If the diameter of the graft is <7mm we know that the re-rupture rate is higher. In that case the graft can be increased in size and strength by adding a synthetic (Lars) ligament or allograft) (donated frozen tendon). This decision is often only made at the time of surgery. Autograft hybrid graft is suitable for all ages.

Recovery is 4-6 months.

Allograft Hybrid:

This graft is ideally suited for patients > 40 years whose sporting aspirations are moderate. No tendon is taken from your knee so the recovery is much quicker.

A synthetic (Lars) ligament is used to reinforce the allograft tendon.

Recovery is 3-4 months.

Synthetic (Lars) Ligament:

This is indicated when the surgery is performed within 3 weeks of injury and when there is a viable tendon stump. The ACL is repaired rather than replaced. Pre-operative MRI scan gives a good indication whether this procedure can be performed. The final decision is made at the time of surgery.

This procedure is suitable for patients >30 years of age who require rapid rehabilitation. No tendon is taken from your knee so the recovery is much quicker.

Recovery time is 8-12 weeks.

Postoperative Benefits for LARS ACL Reconstruction

Unlike with a ‘reconstructed’ ACL, the repaired ACL using LARS does not go through a period of graft weakness. While recovery time is normally quick recovery still requires the limits below:

  • Running is best avoided until most of the knee swelling has dissipated.
  • Sport specific activities, such as side-stepping, jumping and cutting should wait until there is adequate quads and hamstring strength (within 90% of the uninjured limb).
  • Return to unrestricted sporting and recreational activities are allowed when the knee has regained 90% strength and motion.

Anterior Cruciate Ligament Injuries Post-op patient information - Patient Info Handouts

Anterior Cruciate Ligament Injuries Post-op patient information Anterior Cruciate Ligament Injuries Post-op patient information

Anterior Cruciate Ligament Injuries Post-op patient information Click here to download the PDF

Preparations Prior to ACL Surgery

Once Dr Biggs decides that surgery is required, preparation is necessary to achieve the best results and a quick and problem free recovery.

Preparing mentally and physically for surgery is an important step toward a successful result.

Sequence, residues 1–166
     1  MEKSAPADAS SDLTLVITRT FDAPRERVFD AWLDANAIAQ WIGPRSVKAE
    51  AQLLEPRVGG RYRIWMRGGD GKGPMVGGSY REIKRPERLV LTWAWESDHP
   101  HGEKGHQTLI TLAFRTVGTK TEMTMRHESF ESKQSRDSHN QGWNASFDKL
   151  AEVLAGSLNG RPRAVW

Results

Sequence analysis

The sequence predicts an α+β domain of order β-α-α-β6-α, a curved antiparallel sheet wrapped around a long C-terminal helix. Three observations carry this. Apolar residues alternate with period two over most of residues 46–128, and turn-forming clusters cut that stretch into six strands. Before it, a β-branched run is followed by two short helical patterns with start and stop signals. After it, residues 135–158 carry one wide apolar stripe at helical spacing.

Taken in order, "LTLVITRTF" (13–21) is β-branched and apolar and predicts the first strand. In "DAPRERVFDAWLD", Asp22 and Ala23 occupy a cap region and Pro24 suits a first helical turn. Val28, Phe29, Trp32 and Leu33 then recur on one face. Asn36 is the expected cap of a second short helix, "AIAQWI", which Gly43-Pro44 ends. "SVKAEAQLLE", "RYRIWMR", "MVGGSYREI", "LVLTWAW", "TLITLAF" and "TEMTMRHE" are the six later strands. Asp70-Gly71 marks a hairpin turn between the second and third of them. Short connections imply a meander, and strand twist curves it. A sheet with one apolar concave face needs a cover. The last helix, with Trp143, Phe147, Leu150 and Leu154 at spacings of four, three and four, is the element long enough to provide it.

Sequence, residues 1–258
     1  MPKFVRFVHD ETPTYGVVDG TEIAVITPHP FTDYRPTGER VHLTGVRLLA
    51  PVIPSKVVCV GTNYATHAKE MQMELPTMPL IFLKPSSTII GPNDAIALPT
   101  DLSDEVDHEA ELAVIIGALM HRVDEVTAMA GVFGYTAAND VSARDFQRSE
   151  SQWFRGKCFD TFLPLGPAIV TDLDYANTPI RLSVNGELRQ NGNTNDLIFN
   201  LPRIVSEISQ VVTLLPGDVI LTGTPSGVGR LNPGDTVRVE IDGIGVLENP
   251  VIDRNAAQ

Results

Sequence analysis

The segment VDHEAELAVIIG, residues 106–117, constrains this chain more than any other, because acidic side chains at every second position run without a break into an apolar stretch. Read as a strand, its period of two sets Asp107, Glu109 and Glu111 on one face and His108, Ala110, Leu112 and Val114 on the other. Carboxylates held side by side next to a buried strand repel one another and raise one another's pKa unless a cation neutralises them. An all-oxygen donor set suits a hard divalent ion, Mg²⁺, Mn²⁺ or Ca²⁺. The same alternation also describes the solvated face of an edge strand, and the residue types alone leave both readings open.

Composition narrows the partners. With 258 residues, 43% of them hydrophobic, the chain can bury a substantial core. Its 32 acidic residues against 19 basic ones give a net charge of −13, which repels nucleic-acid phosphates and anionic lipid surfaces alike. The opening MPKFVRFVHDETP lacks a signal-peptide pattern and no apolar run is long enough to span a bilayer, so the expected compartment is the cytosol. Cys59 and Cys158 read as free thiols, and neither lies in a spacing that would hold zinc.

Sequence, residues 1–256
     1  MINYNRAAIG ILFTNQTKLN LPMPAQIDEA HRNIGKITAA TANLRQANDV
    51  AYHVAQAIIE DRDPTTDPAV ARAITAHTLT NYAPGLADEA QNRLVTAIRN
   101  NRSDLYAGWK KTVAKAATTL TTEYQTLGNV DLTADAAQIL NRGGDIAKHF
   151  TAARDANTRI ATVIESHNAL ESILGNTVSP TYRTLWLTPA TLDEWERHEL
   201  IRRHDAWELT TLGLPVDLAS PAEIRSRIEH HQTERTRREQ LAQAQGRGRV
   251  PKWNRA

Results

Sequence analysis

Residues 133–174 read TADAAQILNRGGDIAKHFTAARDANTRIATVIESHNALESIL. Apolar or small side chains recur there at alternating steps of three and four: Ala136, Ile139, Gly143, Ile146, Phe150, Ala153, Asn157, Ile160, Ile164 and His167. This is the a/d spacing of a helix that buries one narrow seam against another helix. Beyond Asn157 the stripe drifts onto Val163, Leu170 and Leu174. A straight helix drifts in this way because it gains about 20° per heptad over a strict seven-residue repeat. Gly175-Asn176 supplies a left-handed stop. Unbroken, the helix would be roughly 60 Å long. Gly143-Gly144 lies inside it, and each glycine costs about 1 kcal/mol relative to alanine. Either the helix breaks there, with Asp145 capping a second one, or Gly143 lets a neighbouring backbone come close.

• Dr Biggs will create a treatment plan and
  • Patients will also need to understand the process and their role in it

Dr Biggs will also need to:

  • Discuss any medications being taken with your doctor or physician to see which ones should be stopped before surgery. You should stop taking aspirin, warfarin, anti-inflammatory medications or drugs that increase the risk of bleeding one week before surgery to minimise bleeding
  • Review blood replacement options (including banking blood) with your doctor
  • Consider alternate medical interventions and other treatments
  • Eat a well-balanced diet, supplemented by a daily multivitamin with iron.
  • Consider losing weight (if overweight) before surgery to help decrease the stress on the new joint. However, dieting one month before surgery.
  • Stop or cut down smoking to reduce your surgery risks and improve your recovery
  • Treat any tooth, gum, bladder or bowel problems before surgery to reduce the risk of infection

Report any infections to Dr Biggs prior to surgery as the procedure cannot be performed until all infections have cleared up.

Anterior Cruciate Ligament Injuries Pre-op patient information - Patient Info Handouts

Exercise Preparation

To help prepare you for the surgery a preoperative physiotherapist appointment is required to:

  • Fit crutches (which should be brought to hospital)
  • Instruction on partial weight-bearing crutches useage
  • Learning how to reduce inflammation (icing of the knees), and
  • Learn postoperative exercise (co contractions, leg lifts with the knee extended, etc).

Risks of Knee Surgery

As with any major operation, orthopaedic surgery has potential risks and complications. Surgical complications may include:

  • Infection
  • Stiffness of the knee
  • Rerupture of the graft.
  • Bleeding
  • Blood clots
  • Damage to local tissue

Dr Biggs will discuss any concerns you may have before any procedure.

Day Surgery

If you are having Day Surgery, remember the following:

  • Arrange for someone to take you home, no driving is recommended for at least 24 hours
  • Do not drink or eat anything in the car on the trip home as the combination of anaesthesia, food, and car motion can cause nausea or vomiting.
  • Wait until you are hungry before trying to eat.
  • Begin with light meals and avoid greasy food for the first 24 hours

After Your Operation

After your operation you will have a drip in your arm for pain medication and antibiotics.

You may need one night in hospital, although it is possible to leave hospital the day of surgery.

The initial replaced ACL’s fixation strength will be sufficient to allow early movement and exercise. Splints are not usually necessary.

Crutches are required for 1 – 2 weeks following the reconstruction. Once you are off crutches, you can begin driving.